The FDA has approved the first blood test for mild traumatic brain injury (mTBI), an in vitro diagnostic developed by Banyan Biomarkers to identify patients with suspected concussions.
Banyan BTI™ is designed to identify two brain-specific protein biomarkers—Ubiquitin Carboxy-terminal Hydrolase-L1 or UCH-L1 and glial fibrilliary acidic protein (GFAP)—that rapidly appear in the blood after a brain injury in patients with suspected mTBI, and can be and measured within 12 hours of head injury.
Test results can be available within 3 to 4 hours.
Banyan BTI—“BTI” stands for Brain Trauma Indicator—was approved following a study that identified patients with head trauma who could safely forego the need for a CT scan. The prospective multi-center pivotal study, ALERT-TBI, enrolled 2,011 patients at 24 independent clinical sites in the U.S. and E.U., and compared the test's results to head CT scans of patients presenting to emergency departments with suspected head injury.
The study showed that Banyan BTI was able to predict the presence of intracranial lesions on a CT scan 97.5% of the time, and those who did not have intracranial lesions on a CT scan 99.6% of the time—showing high sensitivity and high negative predictive value for ruling out the need for a head CT scan, according to Banyan.
Banyan added that it is engaged in additional studies to determine if the biomarkers have applications in monitoring recovery after injury, as well as in other degenerative conditions of the brain.
“With extensive clinical research and scientific validation, Banyan BTI has shown that these two specific protein biomarkers, which are released from the brain and circulate in the blood after a brain injury, can provide objective data to healthcare providers when evaluating patients with a traumatic brain injury,” Banyan Biomarkers Chairman and CEO Henry L. Nordhoff said in a statement. “Receiving marketing authorization from the FDA for the first blood test for TBI is a significant milestone that will transform how brain injury is managed.”
Banyan BTI was reviewed and authorized in less than 6 months by the FDA under its Breakthrough Devices Program. The program is intended to facilitate development of innovative technologies by accelerating agency reviews.
In granting Banyan’s De Novo premarket review pathway request for Banyan BTI, the FDA also created a classification regulation for devices of the type, allowing the diagnostic to serve as a predicate device.
‘More Modernized Standard of Care’
“A blood-testing option for the evaluation of mTBI/concussion not only provides health care professionals with a new tool, but also sets the stage for a more modernized standard of care for testing of suspected cases,” added FDA Commissioner Scott Gottlieb, M.D. in a separate statement by the agency. “In addition, availability of a blood test for mTBI/concussion will likely reduce the CT scans performed on patients with concussion each year, potentially saving our health care system the cost of often unnecessary neuroimaging tests.”
Dr. Gottlieb added that the FDA’s approval of Banyan BTI supported the agency’s Initiative to Reduce Unnecessary Radiation Exposure from Medical Imaging, designed to ensure that each patient is getting the right imaging exam, at the right time, with the right radiation dose.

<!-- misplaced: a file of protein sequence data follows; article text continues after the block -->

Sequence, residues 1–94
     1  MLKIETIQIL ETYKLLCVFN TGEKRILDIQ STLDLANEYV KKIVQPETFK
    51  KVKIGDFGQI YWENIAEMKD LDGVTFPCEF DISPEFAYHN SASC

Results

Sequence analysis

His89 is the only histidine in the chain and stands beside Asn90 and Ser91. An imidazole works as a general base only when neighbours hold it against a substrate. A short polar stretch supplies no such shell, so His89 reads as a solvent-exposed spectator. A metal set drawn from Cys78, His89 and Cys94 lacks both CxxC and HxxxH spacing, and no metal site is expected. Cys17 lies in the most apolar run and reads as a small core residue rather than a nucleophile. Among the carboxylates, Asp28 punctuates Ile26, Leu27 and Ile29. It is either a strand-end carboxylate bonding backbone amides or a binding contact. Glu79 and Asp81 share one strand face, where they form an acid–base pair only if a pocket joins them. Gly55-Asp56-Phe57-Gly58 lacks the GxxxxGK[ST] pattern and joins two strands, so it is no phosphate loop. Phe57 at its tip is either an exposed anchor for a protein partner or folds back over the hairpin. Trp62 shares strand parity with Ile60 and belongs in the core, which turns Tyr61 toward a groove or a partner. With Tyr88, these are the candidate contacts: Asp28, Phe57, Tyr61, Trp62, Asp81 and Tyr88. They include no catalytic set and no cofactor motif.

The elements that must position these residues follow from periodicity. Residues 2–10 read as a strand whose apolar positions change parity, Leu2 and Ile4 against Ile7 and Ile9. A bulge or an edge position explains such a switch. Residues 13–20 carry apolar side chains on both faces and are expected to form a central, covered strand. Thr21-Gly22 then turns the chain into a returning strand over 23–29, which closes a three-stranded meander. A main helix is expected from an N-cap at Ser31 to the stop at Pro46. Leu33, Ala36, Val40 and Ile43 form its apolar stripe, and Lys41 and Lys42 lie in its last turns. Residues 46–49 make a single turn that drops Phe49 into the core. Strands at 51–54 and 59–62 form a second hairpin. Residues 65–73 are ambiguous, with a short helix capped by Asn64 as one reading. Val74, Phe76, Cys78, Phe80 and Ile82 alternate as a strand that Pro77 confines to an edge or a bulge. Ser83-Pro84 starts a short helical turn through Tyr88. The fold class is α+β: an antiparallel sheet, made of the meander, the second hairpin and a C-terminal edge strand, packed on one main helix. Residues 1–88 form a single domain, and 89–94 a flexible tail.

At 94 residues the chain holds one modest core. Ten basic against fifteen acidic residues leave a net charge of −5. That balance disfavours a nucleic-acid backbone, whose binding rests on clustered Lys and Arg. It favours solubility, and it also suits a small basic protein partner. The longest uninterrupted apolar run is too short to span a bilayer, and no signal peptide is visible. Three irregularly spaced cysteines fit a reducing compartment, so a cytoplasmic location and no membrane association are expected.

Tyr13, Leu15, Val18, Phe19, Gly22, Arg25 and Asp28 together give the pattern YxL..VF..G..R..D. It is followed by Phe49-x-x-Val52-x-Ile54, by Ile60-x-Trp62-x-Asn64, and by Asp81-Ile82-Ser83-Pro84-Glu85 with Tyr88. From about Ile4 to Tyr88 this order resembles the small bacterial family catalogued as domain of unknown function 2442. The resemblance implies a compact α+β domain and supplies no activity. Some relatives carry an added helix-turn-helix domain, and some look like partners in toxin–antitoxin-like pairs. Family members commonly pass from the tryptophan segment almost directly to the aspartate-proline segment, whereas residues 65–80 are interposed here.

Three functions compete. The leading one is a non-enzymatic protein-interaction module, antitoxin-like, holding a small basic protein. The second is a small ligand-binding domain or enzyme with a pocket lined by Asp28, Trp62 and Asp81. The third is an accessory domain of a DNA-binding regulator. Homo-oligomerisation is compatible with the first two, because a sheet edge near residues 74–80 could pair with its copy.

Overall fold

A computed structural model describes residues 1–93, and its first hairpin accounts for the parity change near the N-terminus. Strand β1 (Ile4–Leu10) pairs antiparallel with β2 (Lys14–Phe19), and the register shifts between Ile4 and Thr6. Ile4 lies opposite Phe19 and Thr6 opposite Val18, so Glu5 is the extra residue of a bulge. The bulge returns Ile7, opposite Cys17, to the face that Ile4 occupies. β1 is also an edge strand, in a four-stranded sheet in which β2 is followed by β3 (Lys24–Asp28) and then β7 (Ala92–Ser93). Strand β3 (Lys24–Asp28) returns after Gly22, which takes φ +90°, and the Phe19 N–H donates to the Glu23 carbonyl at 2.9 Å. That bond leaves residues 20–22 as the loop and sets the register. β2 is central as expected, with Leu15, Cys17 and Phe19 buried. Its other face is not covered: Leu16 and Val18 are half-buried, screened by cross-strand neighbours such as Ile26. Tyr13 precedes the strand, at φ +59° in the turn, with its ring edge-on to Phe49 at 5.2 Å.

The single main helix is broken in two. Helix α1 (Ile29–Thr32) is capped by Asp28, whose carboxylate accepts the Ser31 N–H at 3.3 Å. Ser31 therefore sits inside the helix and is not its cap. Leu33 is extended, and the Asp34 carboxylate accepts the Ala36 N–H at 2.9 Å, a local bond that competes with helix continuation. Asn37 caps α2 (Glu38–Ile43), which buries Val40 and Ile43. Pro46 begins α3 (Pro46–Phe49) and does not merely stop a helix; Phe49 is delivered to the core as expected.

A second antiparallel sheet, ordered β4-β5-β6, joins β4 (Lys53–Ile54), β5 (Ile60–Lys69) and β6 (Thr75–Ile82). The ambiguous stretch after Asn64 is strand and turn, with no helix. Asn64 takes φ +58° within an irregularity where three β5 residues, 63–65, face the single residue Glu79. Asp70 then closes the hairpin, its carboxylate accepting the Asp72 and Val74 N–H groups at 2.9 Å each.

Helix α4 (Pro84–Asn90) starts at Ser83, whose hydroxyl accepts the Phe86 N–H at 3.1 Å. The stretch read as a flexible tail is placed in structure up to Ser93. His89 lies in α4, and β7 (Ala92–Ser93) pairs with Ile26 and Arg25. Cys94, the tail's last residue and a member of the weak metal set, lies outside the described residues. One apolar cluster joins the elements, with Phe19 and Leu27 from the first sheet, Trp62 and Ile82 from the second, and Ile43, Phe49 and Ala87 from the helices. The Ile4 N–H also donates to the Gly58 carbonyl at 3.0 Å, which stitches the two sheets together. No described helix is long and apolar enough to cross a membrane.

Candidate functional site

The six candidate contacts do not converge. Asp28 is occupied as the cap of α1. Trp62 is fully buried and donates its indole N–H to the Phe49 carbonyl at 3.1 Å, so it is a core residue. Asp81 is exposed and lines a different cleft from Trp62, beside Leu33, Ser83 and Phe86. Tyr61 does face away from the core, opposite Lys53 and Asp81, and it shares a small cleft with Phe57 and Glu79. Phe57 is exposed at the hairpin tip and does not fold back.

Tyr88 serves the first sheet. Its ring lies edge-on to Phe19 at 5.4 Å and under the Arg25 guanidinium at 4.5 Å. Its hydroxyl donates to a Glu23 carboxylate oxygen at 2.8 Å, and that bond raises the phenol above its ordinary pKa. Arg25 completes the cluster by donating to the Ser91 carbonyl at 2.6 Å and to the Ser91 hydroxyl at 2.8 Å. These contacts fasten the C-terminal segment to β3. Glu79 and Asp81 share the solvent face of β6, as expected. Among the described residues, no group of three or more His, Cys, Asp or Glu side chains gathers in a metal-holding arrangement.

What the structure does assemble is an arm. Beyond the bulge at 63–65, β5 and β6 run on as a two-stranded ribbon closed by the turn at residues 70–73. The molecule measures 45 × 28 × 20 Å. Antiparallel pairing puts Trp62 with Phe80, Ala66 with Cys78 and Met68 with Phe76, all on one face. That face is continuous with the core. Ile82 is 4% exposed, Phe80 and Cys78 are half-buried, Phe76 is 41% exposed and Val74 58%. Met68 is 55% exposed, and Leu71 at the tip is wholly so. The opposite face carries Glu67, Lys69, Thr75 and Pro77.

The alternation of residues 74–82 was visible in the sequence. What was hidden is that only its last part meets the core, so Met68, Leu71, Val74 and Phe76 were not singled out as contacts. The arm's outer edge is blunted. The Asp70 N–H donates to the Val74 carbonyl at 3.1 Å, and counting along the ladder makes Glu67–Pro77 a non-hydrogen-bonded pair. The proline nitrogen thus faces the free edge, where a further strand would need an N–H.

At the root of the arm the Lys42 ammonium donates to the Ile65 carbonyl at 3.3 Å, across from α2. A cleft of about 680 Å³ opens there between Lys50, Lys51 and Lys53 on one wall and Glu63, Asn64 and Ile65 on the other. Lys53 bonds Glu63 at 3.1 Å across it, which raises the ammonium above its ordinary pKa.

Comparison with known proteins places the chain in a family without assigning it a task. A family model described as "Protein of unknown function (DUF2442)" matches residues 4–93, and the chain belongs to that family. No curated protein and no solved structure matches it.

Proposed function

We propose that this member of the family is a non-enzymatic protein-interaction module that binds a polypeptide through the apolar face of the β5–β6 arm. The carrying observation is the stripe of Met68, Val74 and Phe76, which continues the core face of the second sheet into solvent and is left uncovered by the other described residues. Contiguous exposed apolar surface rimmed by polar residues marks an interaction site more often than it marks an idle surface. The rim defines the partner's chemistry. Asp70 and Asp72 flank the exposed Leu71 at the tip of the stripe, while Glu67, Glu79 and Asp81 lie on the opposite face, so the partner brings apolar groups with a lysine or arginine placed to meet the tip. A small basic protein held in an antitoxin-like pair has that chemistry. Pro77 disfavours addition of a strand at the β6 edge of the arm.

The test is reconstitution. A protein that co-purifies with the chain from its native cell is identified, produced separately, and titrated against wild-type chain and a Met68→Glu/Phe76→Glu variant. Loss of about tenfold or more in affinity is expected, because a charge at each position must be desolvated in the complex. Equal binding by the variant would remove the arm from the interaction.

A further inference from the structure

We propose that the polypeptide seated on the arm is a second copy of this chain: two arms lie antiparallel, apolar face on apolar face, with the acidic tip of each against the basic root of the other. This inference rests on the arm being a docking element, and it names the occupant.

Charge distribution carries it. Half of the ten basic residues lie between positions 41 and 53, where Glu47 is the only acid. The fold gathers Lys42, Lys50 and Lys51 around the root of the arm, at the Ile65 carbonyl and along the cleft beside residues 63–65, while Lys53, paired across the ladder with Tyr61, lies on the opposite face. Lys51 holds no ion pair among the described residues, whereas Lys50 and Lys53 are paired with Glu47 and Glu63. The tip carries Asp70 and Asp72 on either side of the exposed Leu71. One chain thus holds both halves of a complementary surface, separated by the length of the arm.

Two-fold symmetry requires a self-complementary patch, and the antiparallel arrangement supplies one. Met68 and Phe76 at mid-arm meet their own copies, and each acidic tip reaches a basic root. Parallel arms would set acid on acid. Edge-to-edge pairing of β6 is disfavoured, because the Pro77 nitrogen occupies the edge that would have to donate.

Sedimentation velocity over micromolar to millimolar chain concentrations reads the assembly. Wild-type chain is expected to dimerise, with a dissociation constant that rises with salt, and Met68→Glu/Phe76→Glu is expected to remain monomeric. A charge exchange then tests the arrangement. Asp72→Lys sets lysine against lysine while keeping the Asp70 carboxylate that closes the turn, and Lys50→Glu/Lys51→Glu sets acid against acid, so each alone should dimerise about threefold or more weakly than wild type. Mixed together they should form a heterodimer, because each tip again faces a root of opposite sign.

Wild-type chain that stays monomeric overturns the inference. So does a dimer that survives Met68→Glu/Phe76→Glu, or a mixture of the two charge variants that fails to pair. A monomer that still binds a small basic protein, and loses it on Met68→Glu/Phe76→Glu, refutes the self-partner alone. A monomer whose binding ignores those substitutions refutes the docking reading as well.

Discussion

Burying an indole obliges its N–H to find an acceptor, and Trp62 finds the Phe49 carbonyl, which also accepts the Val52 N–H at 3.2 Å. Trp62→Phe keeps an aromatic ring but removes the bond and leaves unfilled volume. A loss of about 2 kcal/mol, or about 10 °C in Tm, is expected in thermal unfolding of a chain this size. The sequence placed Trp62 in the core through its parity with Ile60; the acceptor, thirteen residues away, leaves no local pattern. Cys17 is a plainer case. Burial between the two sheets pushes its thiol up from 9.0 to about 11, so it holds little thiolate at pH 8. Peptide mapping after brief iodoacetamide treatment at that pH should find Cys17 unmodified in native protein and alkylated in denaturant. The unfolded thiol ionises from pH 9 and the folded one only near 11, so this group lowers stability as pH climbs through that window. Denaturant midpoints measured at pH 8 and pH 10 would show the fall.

Until now, most patients suspected of having head injuries have been examined using the 15-point Glasgow Coma Scale, followed by a computed tomography or CT scan of the head to detect brain tissue damage, or intracranial lesions, that may require treatment. However, most patients evaluated for mTBI/concussion do not have intracranial lesions that are detectable after having a CT scan, according to the FDA.
Levels of the blood proteins assessed by Banyan BTI can help predict which patients may have intracranial lesions visible by CT scan and which won’t, the agency added.
The FDA cited U.S. Centers for Disease Control and Prevention statistics recording approximately 2.8 million TBI-related emergency department visits, hospitalizations and deaths in the U.S. in 2013. Of those cases, TBI contributed to the deaths of nearly 50,000 people.
The U.S. Army Medical Research and Materiel Command (USAMRMC) supported development of Banyan BTI under Contract No. W81XWH-10-C-0251.
That contract, and another USAMRMC contract awarded to Banyan (W81XWH-06-1-0517) supported a study detailing the diagnostic ability of the two brain-specific protein biomarkers used by Banyan BTI. “Our data suggest that the diagnostic ability of UCH-L1 may be limited to the early h after mild-to-moderate TBI, whereas rising serum GFAP concentrations over the initial 24 [hour] post-injury were associated with a positive head CT,” researchers concluded in Journal of Neurotrauma, published by Clinical OMICs publisher Mary Ann Liebert Inc.
Last month, USAMRMC indicated that an even faster assay is under consideration, saying it intends to modify the contract “to develop a less than 1 hour UCH-L1/GFAP Assay on a self-contained bench top device that has minimal associated equipment and reduces the logistical burden in military operations.”
“This assay will provide a remarkable capability for the way we evaluate and care for our service members with TBI,” added Lt. Col. Kara Schmid, project manager for the Neurotrauma and Psychological Health Project Management Office for the U.S. Army Medical Materiel Development Activity, whose mission is to “develop and deliver quality medical capabilities to protect, treat, and sustain the health of our service members.”